Bulgaria reemphasizes Hezbollah bombing as E.U. meets to consider blacklisting

  • Bulgaria reemphasizes Hezbollah bombing as E.U. meets to consider blacklisting
  • Gunfire and mortars shot into Israel, underscoring risks of Syria spillover
  • Egypt's new cabinet begins work, Muslim Brotherhood vows continued efforts against military-backed government
  • In feud over unpaid bills, Palestinian hospitals refusing care to PA personnel


What we’re watching today:


  • Bulgarian Interior Minister Tsvetlin Yovchev today emphasized that Sofia had in recent months uncovered additional evidence implicating Hezbollah in the July 2012 bus bombing in Burgas, Bulgaria that killed five Israelis and a Bulgarian. His statements come on the eve of the bombing's July 18th anniversary, and as European Union officials are scheduled to meet again to discuss blacklisting the Iran-backed group as a terror organization. There has been substantial pressure on the E.U. to acknowledge that a group that kills E.U. citizens in terror attacks on E.U. soil is in fact a terrorist group. The Bulgarian investigation, coupled with the Cypriot conviction in March of a confessed Hezbollah member on terror-related charges, has heightened that pressure. Diplomats from countries seeking to overcome internal E.U. resistance have become increasingly public about their frustrations regarding the reluctance of some fellow member states to blacklist Hezbollah, with one official bluntly telling AFP this week that "the evidence that it [Hezbollah] committed terrorism on EU soil is strong."


  • Multiple incidents of cross-border fire deepened tensions along the Israeli-Syrian border Tuesday, with unidentified gunmen firing on Israeli troops and dozens of blasts being linked to mortars fired across the border. The incidents underscored months of concerns that a power vacuum being created along the Israeli-Syrian border risked triggering escalating military incidents. In recent months, several countries comprising the United Nations peacekeeping force in the region (UNDOF) have withdrawn their contributions, while Syrian troops withdrew in substantial numbers. Multiple sides engaged in the Syrian conflict, including both the Bashar al-Assad regime and the opposition seeking its overthrow, have in recent months threatened to attack Israel. The regime has also reportedly empowered sub-state actors, including Palestinian terrorist groups and the Iran-backed terror group Hezbollah, to launch attacks against the Jewish state. Following Tuesday’s attacks, Israel’s envoy to the United Nations called on the international body to condemn the violations. In another incident along a Syrian border, Turkish troops returned fire after errant bullets from Syria struck several homes and a police station.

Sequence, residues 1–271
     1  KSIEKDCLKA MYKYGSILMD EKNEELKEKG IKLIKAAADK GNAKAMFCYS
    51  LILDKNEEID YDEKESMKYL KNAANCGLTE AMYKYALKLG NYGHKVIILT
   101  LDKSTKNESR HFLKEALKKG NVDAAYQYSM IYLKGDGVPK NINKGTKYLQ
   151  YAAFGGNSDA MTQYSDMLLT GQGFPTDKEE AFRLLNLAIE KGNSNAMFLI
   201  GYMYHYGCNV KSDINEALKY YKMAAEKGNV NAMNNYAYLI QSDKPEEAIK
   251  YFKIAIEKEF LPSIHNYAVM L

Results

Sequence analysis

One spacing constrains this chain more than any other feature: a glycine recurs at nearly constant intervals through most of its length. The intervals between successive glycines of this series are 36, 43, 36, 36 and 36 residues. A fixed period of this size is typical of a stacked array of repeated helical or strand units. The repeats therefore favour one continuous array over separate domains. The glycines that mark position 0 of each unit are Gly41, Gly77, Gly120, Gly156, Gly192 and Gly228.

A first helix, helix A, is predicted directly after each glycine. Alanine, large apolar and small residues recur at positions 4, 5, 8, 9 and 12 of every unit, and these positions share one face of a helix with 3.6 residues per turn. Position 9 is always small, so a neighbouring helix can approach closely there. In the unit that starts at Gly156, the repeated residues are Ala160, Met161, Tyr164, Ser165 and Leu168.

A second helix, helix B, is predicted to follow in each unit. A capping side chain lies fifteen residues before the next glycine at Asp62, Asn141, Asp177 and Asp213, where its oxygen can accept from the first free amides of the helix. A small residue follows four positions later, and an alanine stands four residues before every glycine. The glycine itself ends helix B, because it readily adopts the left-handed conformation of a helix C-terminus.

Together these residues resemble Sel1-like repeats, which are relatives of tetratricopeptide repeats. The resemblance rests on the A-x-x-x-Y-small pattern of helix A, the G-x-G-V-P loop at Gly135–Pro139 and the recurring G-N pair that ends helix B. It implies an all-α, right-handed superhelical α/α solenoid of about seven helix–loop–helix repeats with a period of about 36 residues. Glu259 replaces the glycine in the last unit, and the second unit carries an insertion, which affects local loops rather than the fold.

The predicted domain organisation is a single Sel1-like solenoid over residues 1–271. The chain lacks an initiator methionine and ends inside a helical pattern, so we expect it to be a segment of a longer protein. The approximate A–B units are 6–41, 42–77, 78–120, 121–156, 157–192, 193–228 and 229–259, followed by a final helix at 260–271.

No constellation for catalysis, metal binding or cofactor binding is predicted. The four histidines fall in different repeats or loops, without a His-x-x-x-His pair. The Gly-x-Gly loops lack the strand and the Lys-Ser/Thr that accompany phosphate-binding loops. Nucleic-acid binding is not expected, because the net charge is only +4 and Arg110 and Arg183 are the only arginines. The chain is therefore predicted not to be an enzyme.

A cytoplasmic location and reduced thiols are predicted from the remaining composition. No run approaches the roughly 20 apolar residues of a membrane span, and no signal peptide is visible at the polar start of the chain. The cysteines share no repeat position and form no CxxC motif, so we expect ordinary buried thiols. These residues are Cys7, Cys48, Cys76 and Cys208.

• Egyptian President Adly Mansour swore in the country’s new cabinet on Tuesday, formally rolling back what critics had blasted as the "Brotherhoodization" of Egypt's political institutions. For its part the Brotherhood vowed again to resist efforts aimed at reconciliation in the aftermath of the Brotherhood-linked President Mohammed Morsi being removed from power by the Egyptian military. Thousands of Morsi supporters protested outside Cairo’s main government office buildings today as the new cabinet attempted to begin its first day of work. New polling released this week shows that the Egyptian military continues to enjoy broad and deep support with the Egyptian public, results that are consistent with polling conducted by The Israel Project last fall.


  • Private Palestinian hospitals in the West Bank are refusing to provide medical services to Palestinian Authority (PA) personnel because the government has been unable or unwilling to pay outstanding bills for past work. The news comes in the aftermath of a similar announcement by private West Bank gas stations, which have begun refusing to accept tenders in exchange for fuel. Observers have long feared that financial mismanagement by Palestinian officials, coupled with endemic corruption, would prevent the emergence of a stable Palestinian economy - a critical prerequisite in efforts to achieve a viable Palestinian state. A Palestinian man recently set himself on fire in front of the PA's West Bank finance ministry to protest financial and economic conditions in the Palestinian-run territory.

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